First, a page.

When a lawprof finds a subject to which he commits an enormous amount of time and $100,000 of law students' tuition loans (the stuff they thought was being spent on their education), it's because he takes a sincere scholarly interest in the subject, and believes others will as well. Having done so, produced article and submitted it to a law review, the place where ideas go to die, there is a burning sensation in his head to engage his colleagues about his efforts. Guys, I have this really cool idea and did a whole bunch of work on it; whadda you think?
The lawprof isn't playing the five year old on the high diving board, screaming, Mommy, look at me. He's asking his friends if they want to come out and play. He's asking his friends if they think he dresses funny. He's asking the girl of his dreams whether she will give him a whirl on the dance floor. And, in a benign, sanitized way, the chick may tell him to take a hike.
Writing about the object of scholarly effort isn't self-promotion at all, even though some may choose to call it mean names. It's an invitation for peer review, both positive and negative, in this new-fangled medium that allows for real-time discussion or real-time ideas. If there's a flaw in the process at all, it's that lawprofs continue to push out scholarly work for law reviews rather than blawg posts at all, but tradition (and grasping at tenure) is hard to break.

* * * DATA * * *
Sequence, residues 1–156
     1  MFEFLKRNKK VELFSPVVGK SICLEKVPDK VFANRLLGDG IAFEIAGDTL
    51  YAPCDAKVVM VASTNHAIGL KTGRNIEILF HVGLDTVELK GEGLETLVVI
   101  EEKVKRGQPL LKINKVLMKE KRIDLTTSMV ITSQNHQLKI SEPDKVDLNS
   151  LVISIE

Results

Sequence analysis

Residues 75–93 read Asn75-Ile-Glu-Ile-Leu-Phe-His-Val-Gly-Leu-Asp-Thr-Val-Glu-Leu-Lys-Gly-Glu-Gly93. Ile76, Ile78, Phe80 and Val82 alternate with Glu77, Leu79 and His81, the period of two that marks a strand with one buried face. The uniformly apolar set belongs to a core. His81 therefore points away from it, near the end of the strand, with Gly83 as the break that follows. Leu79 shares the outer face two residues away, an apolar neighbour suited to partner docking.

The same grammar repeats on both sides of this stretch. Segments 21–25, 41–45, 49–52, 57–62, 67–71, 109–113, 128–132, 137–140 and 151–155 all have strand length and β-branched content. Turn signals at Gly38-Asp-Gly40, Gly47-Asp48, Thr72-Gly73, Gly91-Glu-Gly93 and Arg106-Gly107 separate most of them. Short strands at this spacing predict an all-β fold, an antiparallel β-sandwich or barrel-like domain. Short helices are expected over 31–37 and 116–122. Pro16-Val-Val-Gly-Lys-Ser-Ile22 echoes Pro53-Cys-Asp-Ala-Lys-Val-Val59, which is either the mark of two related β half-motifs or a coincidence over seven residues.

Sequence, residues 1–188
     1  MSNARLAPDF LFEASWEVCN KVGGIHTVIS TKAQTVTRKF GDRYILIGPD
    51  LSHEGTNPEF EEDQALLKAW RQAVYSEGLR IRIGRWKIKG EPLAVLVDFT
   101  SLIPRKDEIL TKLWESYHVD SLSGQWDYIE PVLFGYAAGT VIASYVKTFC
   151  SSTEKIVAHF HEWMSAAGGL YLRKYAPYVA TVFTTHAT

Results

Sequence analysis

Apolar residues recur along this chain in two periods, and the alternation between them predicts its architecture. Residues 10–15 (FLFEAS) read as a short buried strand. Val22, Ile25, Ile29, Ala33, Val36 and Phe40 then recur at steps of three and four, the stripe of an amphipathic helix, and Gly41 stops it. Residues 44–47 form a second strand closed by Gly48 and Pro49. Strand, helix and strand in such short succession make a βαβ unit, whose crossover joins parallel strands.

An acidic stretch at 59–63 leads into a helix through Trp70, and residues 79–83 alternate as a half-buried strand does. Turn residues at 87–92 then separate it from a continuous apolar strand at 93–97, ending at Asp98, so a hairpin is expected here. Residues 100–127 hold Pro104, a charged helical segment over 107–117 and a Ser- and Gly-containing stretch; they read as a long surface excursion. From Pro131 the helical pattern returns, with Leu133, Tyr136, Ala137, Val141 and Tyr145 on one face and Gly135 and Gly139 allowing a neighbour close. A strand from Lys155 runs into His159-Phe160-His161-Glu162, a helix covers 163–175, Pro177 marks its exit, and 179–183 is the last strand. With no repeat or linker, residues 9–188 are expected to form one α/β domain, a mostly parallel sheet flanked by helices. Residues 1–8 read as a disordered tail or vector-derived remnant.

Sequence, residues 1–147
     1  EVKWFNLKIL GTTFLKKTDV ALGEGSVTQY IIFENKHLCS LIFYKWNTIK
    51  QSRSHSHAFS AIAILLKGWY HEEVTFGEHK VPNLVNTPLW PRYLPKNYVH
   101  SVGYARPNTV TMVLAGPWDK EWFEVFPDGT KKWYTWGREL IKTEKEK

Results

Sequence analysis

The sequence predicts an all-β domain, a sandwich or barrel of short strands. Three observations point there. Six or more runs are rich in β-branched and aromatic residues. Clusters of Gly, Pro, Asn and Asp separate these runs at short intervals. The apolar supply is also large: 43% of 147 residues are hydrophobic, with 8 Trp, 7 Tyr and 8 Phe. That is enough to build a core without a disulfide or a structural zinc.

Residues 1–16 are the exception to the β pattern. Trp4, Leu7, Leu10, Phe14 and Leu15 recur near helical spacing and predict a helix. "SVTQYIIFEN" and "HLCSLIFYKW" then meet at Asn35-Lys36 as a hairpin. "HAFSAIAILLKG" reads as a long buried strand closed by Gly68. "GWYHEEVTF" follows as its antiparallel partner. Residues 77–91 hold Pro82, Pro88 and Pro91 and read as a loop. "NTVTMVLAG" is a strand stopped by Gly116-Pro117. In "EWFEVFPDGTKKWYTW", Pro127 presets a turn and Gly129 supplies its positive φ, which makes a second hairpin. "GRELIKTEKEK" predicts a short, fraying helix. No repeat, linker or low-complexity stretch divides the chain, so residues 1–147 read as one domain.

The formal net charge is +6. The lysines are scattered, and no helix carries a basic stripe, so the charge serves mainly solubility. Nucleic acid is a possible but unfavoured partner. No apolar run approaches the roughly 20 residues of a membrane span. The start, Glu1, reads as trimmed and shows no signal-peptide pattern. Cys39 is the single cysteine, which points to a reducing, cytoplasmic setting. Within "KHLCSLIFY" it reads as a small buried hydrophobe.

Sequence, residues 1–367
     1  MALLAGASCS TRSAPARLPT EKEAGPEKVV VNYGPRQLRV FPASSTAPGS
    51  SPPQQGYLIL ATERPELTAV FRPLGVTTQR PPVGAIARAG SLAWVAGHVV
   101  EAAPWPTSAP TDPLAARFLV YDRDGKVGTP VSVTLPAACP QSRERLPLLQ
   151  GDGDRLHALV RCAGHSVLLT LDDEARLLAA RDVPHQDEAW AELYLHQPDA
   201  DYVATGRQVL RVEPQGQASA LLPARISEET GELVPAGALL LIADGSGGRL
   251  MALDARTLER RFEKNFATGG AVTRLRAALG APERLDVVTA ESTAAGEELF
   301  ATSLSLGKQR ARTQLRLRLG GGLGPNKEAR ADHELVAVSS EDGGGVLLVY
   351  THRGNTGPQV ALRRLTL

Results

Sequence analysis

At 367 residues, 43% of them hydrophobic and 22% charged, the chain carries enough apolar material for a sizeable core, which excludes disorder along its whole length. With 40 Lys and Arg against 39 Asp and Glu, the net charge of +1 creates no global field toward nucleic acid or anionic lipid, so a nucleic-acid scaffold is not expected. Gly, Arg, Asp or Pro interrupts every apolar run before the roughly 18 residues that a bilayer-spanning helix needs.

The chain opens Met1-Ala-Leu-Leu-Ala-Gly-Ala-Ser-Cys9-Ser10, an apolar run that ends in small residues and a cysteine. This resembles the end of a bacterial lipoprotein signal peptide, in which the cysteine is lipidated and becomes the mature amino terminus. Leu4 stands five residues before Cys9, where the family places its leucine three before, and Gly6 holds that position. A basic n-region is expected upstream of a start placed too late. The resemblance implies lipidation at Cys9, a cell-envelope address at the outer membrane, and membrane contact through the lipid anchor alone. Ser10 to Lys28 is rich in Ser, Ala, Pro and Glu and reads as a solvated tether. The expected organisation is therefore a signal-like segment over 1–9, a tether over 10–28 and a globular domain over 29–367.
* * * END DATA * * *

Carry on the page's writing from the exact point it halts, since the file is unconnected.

In the comments to this post, Orin Kerr, snarky and craven aficionado that he is, makes a point:
This comment thread reminds me of a fantastic website that I urge you to visit.
Posted by: Orin Kerr | May 9, 2011 4:02:57 PM
Now that, dear lawprofs, is the way to pimp. And Kerr ought to know, as Orin's wheels show.
Many use blogs to flawg their self-importance, mostly devoid of substance and without a shred of shame. Self-promotion on the internet is rampant, hyping things unworthy of attention, manufacturing descriptions that exaggerate value and importance, deceiving.
Posting about one's scholarship on a blawg, on the other hand, is offering a subject of sincere interest by a writer to others for discussion, whether positive or negative. This is the highest and best use of the blawgosphere, to engage in thoughtful conversation with one's peers about things that matter, at least to the writer.
Doesn't interest any particular reader? That's always going to be the case. Not every reader is going to share the writer's interests. Not everybody likes chocolate either. That's cool. Nobody forces anyone to read stuff that bores them. But similarly, readers get no vote on what interests the writer, and the when the writer has the keys to the blogging kingdom, then it's his call as to what he finds sufficiently interesting to write about. The blawgosphere is not a democracy. It is, however, a place for peer review. And that's exactly how it should be.
Sorry, Eric Johnson, you are no pimp. Write on, brother.